If you have diabetes, and you also have gut issues, like diarrhea, constipation, gas, and bloating, youre certainly not alone. As many as 75 percent of people with diabetes also report having issues with their stomach or digestion.
Diabetes and irritable bowel syndrome (IBS) are both fairly common conditions, and its possible to have both at the same time. In fact, the two conditions may be related. Diabetes can damage the nerves around the gut and lead to symptoms of IBS, such as:
Some diabetes medications, as well as some foods that people with diabetes eat, such as foods high in fiber and sugar alcohols like sorbitol, can also affect the bowels, leading to diarrhea or constipation.
With a little extra effort, both IBS and diabetes can be managed through diet, medications, and stress reduction.
Diabetes and irritable bowel syndrome are two different conditions, and its possible to have them both.
IBS is a gastrointestinal disorder characterized by a group of symptoms that typically occur together. These symptoms may include:
IBS is thought to be related to problems with how your brain and your gut work together.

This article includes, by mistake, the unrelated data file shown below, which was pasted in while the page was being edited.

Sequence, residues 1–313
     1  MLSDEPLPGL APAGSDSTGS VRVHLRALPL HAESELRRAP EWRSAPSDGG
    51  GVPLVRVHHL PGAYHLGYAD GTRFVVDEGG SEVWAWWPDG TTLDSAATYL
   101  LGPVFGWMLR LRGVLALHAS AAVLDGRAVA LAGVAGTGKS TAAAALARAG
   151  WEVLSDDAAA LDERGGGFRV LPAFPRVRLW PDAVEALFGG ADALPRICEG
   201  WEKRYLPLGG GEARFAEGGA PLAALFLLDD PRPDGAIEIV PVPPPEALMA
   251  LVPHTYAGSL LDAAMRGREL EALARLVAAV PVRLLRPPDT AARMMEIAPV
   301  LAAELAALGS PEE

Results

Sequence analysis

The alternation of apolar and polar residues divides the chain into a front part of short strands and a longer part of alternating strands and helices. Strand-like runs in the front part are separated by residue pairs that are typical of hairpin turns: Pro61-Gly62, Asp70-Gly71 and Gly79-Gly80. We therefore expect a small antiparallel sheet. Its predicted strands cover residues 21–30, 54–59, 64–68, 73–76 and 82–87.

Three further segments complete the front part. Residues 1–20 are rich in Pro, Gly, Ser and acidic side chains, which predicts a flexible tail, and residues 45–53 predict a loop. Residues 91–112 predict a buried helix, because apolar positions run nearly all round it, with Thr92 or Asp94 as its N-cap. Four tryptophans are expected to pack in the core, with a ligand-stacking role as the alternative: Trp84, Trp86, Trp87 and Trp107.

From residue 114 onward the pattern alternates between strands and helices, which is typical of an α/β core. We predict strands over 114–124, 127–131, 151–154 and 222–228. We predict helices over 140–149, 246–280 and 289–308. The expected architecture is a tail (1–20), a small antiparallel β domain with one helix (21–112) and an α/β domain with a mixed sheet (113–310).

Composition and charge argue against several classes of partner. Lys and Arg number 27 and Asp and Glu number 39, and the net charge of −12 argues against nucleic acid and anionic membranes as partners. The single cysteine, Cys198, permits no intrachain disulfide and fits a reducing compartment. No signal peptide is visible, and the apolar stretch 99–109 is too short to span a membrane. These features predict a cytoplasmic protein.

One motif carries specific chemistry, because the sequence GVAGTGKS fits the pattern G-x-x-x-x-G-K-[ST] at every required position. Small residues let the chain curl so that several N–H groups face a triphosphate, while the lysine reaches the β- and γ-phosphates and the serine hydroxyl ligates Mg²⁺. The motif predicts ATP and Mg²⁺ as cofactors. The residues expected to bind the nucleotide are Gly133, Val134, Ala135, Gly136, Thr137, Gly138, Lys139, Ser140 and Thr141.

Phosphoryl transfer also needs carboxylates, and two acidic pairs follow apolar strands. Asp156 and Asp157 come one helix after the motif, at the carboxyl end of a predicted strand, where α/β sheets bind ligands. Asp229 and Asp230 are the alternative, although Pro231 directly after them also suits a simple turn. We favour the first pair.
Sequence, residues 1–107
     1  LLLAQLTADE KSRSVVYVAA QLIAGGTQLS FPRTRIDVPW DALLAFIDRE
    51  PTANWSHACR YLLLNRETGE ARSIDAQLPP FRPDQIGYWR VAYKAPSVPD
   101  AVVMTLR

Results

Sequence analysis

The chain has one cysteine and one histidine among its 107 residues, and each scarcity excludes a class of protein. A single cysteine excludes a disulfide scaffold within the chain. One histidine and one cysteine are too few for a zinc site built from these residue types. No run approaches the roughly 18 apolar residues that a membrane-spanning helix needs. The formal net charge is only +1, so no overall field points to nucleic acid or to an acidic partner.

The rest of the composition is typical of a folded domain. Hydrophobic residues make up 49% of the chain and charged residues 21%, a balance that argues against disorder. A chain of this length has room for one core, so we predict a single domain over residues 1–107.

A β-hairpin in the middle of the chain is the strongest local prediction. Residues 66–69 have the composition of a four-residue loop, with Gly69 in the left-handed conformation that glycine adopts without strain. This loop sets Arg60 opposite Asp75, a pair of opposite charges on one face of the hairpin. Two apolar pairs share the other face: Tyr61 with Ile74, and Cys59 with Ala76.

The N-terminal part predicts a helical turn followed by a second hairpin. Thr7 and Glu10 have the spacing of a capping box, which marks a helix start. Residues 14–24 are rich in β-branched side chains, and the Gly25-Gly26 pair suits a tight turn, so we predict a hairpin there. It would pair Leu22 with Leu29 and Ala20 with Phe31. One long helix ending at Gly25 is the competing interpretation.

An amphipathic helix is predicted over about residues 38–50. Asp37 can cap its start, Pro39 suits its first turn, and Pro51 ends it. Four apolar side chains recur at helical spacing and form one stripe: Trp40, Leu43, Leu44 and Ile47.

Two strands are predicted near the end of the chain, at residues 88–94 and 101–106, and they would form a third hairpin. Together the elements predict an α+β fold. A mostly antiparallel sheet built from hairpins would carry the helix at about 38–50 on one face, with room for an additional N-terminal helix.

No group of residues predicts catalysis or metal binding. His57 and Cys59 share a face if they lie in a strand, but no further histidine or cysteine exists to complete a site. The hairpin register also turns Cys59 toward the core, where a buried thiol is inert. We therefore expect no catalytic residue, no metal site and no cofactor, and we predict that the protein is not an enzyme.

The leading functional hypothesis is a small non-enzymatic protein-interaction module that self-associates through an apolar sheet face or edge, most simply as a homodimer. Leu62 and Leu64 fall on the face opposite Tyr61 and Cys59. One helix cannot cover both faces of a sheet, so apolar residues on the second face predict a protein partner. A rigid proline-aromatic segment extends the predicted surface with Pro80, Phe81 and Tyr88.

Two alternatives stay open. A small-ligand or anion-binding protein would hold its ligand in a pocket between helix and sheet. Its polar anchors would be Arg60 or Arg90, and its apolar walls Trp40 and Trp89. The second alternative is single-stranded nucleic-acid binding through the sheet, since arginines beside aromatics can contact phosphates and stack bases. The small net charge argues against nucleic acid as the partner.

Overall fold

Diabetes occurs when your body cant make enough of the hormone insulin or cant use insulin effectively. Diabetes is a systemic disease. This means it affects many parts of the body at once.
People with diabetes have higher than normal levels of sugar (glucose) in the blood. This is known as hyperglycemia. Over time, high blood sugar can lead to complications in many parts of the body, including the gastrointestinal tract.
Many people with diabetes complain of:
Over time, high blood sugar from diabetes can cause damage to the nerves, called neuropathy, in the gastrointestinal tract. This can impair your brains ability to communicate with your gut.
The damage can cause a slowing down or speeding up of intestinal function, leading to either constipation or diarrhea common symptoms of IBS.
There are other ways that high blood sugar can lead to gastrointestinal symptoms:
In general, its best for people with diabetes to eat healthy foods with a high fiber content, like whole grains and vegetables, to help stabilize blood sugar levels. People with diabetes should try to avoid highly processed foods and foods high in sugar.
Some people with IBS may also benefit from a high fiber, low sugar diet, but sometimes foods high in fiber can trigger symptoms of IBS. Foods high in fiber include:
If you tend to have diarrhea as a result of IBS or diabetes, you may want to reduce the amount of soluble fiber in your diet. Soluble fiber is found in foods such as:
If you tend to get constipated as a result of IBS or diabetes, you may want to increase your intake of insoluble fiber, which is found in foods like:
Many people with IBS experience symptoms when they eat certain types of vegetables called cruciferous vegetables. Examples include:
Legumes, such as beans, may also trigger symptoms of IBS, though this isnt true for everyone. You may need to keep a food diary to track which foods trigger your symptoms.